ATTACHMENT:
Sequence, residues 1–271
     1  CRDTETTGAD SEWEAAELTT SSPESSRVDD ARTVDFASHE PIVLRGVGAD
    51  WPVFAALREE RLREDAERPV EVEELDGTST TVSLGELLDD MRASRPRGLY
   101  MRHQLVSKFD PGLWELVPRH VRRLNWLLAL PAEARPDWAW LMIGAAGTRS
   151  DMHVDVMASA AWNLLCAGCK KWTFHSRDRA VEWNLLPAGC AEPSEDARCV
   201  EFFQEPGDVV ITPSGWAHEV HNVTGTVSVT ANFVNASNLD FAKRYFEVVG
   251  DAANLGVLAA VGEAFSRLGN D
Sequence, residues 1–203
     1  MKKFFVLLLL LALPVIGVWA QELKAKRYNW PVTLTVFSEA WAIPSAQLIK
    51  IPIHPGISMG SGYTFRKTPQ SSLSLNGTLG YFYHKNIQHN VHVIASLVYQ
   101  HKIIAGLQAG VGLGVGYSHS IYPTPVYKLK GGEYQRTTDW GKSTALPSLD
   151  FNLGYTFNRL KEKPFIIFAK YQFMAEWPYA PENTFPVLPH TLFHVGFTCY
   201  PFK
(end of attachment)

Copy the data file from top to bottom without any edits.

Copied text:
Sequence, residues 1–271
     1  CRDTETTGAD SEWEAAELTT SSPESSRVDD ARTVDFASHE PIVLRGVGAD
    51  WPVFAALREE RLREDAERPV EVEELDGTST TVSLGELLDD MRASRPRGLY
   101  MRHQLVSKFD PGLWELVPRH VRRLNWLLAL PAEARPDWAW LMIGAAGTRS
   151  DMHVDVMASA AWNLLCAGCK KWTFHSRDRA VEWNLLPAGC AEPSEDARCV
   201  EFFQEPGDVV ITPSGWAHEV HNVTGTVSVT ANFVNASNLD FAKRYFEVVG
   251  DAANLGVLAA VGEAFSRLGN D
Sequence, residues 1–203
     1  MKKFFVLLLL LALPVIGVWA QELKAKRYNW PVTLTVFSEA WAIPSAQLIK
    51  IPIHPGISMG SGYTFRKTPQ SSLSLNGTLG YFYHKNIQHN VHVIASLVYQ
   101  HKIIAGLQAG VGLGVGYSHS IYPTPVYKLK GGEYQRTTDW GKSTALPSLD
   151  FNLGYTFNRL KEKPFIIFAK YQFMAEWPYA PENTFPVLPH TLFHVGFTCY
   201  PFK